Wherever there’s dumb money, criminality inevitably follows. Such was the case with Beanie Babies in the 1990s.
Beanies were one of the decade’s frothiest fads: colorful, pellet-filled plush toys given cutesy names and an aura of collectibility. By mid-decade, investment mania reached such dizzying heights that an active collectors’ “gray market” developed. Like tulip mania before it, and cryptocurrency after, Beanies became a popular alternative asset, with some examples of the $5 toy—in mint condition, with its original hanging tag—selling for thousands of dollars apiece. Divorced couples fought over their Beanie Baby assets, and children were trampled by stampeding collectors. Some families sank their entire life savings into acquiring the rarest examples, hoping to fund retirements and put kids through college. And when the Beanie bubble ultimately burst, their stacks of floppy, understuffed toys were rendered virtually worthless.
Amid such hysteria, an underground economy began to flourish—and with it, a wave of criminality. Theft, fraud and counterfeiting spun up over fuzzy-faced soft toys with names such as “Bananas” (a monkey), “Hairy” (a spider) and “Humphrey” (a camel). Some opportunists who crossed the legal line to profit from the craze spent years in jail as a result. In the end, the excessive greed seemed to infect even the parent company Ty Inc., which was accused not of criminality, but of trying to manipulate the market. Its efforts eventually contributed to the implosion of the 1990s’ best-remembered fad.
On the basic, petty-crime level, people filched Beanie Babies from owners, snatching them from homes and car dashboards alike. Ohio police reported coming across Beanie Babies during busts of organized-crime groups, with one officer recalling the jarring sight of a floppy purple teddy bear discarded on the floor. “I thought, good heavens, this bear is worth $400,” officer Gary Cameron told The New York Times in 1998. “What’s it doing here?”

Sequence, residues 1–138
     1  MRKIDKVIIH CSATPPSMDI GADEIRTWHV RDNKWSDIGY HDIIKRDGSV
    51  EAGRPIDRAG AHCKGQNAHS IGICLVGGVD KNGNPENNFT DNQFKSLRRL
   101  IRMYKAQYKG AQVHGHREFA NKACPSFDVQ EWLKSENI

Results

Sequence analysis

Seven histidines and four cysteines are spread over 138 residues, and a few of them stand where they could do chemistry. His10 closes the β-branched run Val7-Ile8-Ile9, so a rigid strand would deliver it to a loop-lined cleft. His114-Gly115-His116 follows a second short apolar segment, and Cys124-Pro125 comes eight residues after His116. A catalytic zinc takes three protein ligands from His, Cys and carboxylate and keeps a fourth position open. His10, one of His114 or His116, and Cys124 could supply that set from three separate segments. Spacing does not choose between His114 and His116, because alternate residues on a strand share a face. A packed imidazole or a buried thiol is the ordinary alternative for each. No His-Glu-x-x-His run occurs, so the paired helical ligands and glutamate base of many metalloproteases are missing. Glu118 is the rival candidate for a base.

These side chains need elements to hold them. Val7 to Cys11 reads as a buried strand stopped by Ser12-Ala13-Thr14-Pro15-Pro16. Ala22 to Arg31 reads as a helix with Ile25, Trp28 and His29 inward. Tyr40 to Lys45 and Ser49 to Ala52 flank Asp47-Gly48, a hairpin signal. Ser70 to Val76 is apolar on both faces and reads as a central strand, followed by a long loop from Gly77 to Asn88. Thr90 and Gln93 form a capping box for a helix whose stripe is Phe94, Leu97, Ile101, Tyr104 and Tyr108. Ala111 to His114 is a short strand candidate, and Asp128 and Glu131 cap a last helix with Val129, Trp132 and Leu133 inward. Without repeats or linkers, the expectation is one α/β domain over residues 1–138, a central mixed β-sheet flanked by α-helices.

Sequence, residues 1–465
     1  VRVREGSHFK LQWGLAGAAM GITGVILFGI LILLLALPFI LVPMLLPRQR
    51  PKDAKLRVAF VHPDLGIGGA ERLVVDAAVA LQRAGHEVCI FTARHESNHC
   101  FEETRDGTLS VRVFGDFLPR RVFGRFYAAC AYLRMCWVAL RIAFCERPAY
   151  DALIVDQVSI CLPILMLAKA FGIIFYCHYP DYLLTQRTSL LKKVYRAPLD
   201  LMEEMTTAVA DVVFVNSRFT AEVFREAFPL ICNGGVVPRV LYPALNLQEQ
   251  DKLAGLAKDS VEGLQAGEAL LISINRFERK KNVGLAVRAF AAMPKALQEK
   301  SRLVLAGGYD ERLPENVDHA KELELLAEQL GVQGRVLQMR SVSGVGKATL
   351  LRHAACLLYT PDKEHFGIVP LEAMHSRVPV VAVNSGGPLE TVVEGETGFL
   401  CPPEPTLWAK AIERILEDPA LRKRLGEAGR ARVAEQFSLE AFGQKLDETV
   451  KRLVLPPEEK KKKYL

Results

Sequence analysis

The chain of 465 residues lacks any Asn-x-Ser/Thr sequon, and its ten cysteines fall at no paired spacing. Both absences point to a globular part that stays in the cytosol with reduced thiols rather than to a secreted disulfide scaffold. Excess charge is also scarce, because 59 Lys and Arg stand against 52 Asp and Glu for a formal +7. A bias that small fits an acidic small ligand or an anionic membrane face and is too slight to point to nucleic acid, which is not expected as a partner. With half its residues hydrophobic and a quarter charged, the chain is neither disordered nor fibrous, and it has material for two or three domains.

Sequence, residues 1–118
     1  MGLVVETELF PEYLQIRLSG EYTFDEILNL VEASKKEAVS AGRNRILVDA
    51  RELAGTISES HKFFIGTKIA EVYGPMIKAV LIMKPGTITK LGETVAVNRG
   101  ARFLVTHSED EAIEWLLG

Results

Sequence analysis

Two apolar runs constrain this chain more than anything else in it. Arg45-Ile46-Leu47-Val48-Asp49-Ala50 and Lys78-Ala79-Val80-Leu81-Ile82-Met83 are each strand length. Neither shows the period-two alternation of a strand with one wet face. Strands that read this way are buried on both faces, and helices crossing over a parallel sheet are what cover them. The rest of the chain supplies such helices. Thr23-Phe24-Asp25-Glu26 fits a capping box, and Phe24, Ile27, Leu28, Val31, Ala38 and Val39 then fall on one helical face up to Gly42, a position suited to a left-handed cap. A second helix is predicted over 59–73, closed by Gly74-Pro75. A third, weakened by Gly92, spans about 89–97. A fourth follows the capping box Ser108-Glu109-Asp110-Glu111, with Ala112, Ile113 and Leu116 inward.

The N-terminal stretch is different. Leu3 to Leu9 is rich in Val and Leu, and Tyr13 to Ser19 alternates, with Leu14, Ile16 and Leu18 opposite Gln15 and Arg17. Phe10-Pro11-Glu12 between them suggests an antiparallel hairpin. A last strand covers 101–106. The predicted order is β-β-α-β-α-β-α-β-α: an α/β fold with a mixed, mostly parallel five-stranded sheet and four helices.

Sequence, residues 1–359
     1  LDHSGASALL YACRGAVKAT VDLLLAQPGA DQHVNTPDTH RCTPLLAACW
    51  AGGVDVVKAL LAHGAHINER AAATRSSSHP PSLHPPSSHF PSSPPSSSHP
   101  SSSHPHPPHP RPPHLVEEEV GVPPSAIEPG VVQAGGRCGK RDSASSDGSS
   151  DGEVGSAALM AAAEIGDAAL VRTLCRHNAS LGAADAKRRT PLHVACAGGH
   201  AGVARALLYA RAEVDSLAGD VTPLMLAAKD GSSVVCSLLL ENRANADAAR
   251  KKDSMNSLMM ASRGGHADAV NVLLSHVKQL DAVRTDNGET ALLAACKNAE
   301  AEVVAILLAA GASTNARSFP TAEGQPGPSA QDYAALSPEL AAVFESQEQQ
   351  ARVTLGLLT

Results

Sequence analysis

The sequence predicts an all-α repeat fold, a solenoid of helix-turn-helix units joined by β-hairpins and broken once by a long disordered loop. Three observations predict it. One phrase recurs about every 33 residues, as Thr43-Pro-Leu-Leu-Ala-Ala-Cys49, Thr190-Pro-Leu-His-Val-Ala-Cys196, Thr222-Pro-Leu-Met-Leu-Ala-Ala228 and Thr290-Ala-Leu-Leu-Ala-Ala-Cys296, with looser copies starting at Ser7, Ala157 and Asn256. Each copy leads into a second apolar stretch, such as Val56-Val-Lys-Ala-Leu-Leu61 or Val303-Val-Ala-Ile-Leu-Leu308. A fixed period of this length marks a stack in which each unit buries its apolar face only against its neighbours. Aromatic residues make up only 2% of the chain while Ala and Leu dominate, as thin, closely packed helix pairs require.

More ambitious thieves looked for targets further up the food chain. In 1998, police investigating a stolen-goods fencing operation in Columbus, Ohio discovered $20,000 worth of the beanbag animals; most had been lifted from the van of a toy distributor in town for a Beanie convention. In March 1999, a burglar dubbed the “Beanie Baby bandit” stole a litter of 200 animals from a stationery shop in Centerport, New York. While their face value might have been only $5 apiece, or $1,000 for the entire haul, the toys sold readily online for many multiples of their original cost. These were the early, wild-west days of eBay, when flipping discontinued Beanie Babies offered an easy road to quick cash. One Nashua, New Hampshire couple used forged checks to buy $2,400 worth of the valuable toys, then resold them at a profit to buy heroin.
In more complicated cases, scam artists used the internet to bilk collectors. In Pensacola, Florida, a woman named Melissa Ann Stiver auctioned off rare editions online for more than $1,000 a pop, then failed to deliver the goods. Stiver was arrested in February 1998 on multiple counts of grand theft, after a Tennessee collector complained that she had never received “Nana the Monkey” or “Chilly the Polar Bear.” (She paid $2,500 for the two together, money Stiver spent on home-improvement projects.)